Dry-hopping is not a new process. More than 100 years ago, British brewers like Horace Brown noticed that dry hopping led to more re-fermentation in casks of ale. The process was largely forgotten for most of the 20th century. Most North American brewers looked to traditional European brewing cultures for inspiration: British ales or Belgian or German beers, according to Shellhammer. It’s only in recent years that craft brewers have jumped on the dry-hopping bandwagon. “American craft brewers in particular are playing with ingredients in ways that traditional brewers have not,” he says. Dry hopping gives them more freedom to do that.

Fun with fermentation

Shellhammer got involved with this research when representatives from Allagash Brewing Company in Maine contacted him about a phenomenon they were witnessing in a new line of dry-hopped beer. Allagash typically makes Belgian-style, bottle-conditioned beers, meaning there is a certain amount of re-fermentation after packaging to create just the right amount of carbon dioxide. The company monitors CO2 levels and pressure within the packaging very carefully. It noticed that the dry-hopped beers were producing significantly higher CO2 levels and packaging pressures, because there was much more re-fermentation going on than usual. Allagash wanted to partner with Shellhammer to figure out why this was happening.

Shellhammer used Coors Original Banquet beer for his experiments.
Enlarge / Shellhammer used Coors Original Banquet beer for his experiments.
Matthew Stanley/Bloomberg/Getty Images

Shellhammer was game, and he set up an experiment to investigate what was happening during dry-hopping in his laboratory. He used Coors Original Banquet beer, since it was readily available and had low concentrations of fermentable sugars—an important control parameter, since he wanted to determine how much re-fermentation after packaging was due to the enzyme activity of the hops. Next, the researcher added hops and monitored what happened to the CO2 levels and alcohol content. As expected, they increased significantly, but not to the same degree in each case.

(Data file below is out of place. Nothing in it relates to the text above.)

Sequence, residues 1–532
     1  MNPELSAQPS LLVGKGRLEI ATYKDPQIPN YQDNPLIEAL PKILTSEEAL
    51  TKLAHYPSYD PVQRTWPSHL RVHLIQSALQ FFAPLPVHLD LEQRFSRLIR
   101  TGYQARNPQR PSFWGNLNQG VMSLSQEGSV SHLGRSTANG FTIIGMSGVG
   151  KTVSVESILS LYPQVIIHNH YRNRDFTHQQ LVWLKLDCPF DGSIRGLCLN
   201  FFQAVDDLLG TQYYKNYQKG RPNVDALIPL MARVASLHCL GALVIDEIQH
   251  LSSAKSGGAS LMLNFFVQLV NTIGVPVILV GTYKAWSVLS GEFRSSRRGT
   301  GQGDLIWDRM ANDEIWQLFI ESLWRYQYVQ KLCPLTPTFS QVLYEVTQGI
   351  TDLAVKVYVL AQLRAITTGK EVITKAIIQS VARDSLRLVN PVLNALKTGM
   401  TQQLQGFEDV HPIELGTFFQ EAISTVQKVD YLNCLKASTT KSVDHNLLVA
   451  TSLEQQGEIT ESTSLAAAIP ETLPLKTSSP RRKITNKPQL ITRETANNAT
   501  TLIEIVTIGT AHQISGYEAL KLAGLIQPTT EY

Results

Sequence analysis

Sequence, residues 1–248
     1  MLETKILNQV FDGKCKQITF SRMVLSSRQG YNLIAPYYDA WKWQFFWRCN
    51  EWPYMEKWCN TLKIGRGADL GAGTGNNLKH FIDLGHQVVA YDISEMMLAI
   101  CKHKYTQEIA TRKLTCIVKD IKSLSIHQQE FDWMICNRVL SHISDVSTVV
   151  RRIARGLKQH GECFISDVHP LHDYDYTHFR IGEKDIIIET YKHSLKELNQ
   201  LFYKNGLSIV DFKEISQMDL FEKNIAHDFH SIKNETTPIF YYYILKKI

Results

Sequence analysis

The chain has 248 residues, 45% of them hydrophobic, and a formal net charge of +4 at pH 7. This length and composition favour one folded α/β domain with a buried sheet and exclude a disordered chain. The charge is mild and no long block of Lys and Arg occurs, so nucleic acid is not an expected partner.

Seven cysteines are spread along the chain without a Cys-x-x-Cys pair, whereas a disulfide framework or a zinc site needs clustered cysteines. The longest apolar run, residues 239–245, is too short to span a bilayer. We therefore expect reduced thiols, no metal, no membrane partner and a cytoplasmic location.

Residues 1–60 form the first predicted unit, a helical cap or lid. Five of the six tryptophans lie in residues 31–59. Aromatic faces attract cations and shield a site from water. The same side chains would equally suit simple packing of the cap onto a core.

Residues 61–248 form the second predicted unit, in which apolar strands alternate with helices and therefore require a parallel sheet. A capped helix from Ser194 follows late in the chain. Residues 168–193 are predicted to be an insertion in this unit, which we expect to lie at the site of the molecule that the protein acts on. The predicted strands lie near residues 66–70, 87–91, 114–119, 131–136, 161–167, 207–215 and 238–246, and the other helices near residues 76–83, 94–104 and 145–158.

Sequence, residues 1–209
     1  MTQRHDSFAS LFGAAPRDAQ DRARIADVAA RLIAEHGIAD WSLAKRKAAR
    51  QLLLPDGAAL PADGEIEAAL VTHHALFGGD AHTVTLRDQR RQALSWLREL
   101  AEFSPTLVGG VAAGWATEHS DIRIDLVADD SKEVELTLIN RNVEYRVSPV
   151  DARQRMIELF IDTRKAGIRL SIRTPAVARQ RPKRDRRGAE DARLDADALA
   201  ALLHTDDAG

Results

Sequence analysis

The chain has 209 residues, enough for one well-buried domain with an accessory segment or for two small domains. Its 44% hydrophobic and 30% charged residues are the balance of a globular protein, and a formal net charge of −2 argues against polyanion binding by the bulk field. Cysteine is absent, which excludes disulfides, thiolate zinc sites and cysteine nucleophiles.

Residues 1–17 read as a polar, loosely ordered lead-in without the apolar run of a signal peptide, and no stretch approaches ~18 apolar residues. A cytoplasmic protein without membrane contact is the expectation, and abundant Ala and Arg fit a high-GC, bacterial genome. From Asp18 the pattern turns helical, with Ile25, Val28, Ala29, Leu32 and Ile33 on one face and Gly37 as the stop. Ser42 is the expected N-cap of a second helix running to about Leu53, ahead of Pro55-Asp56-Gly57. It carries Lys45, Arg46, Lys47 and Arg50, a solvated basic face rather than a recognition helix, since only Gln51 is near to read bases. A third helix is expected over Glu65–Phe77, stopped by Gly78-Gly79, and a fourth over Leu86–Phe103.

Just how active those starch enzymes become depends on factors like the duration and temperature of the process and the presence (or not) of yeast. The late addition of hops to cold wort during the dry-hopping process means those key enzymes aren’t deactivated by the high heat of the boiling stage. That makes for extra sugar in the brew, and if there happens to be some lingering yeast present—which is what happened with Allagash’s beers—there will be an excess of re-fermentation after packaging. All that extra alcohol and CO2 can translate into exploding bottles.

Shellhammer thinks his findings will help brewers better control the dry hopping process going forward, and he’s excited to be part of a new avenue of research. “Beer has been around for millennia, and people have been studying beer for almost that long, so I often wonder how much new stuff we can contribute as brewing scientists,” he says. “Are we just walking down the same paths over and over again with different scientific tools or instruments? This feels like a new path.”

DOI: Journal of Agricultural and Food Chemistry, 2018. 10.1021/acs.jafc.8b03563  (About DOIs).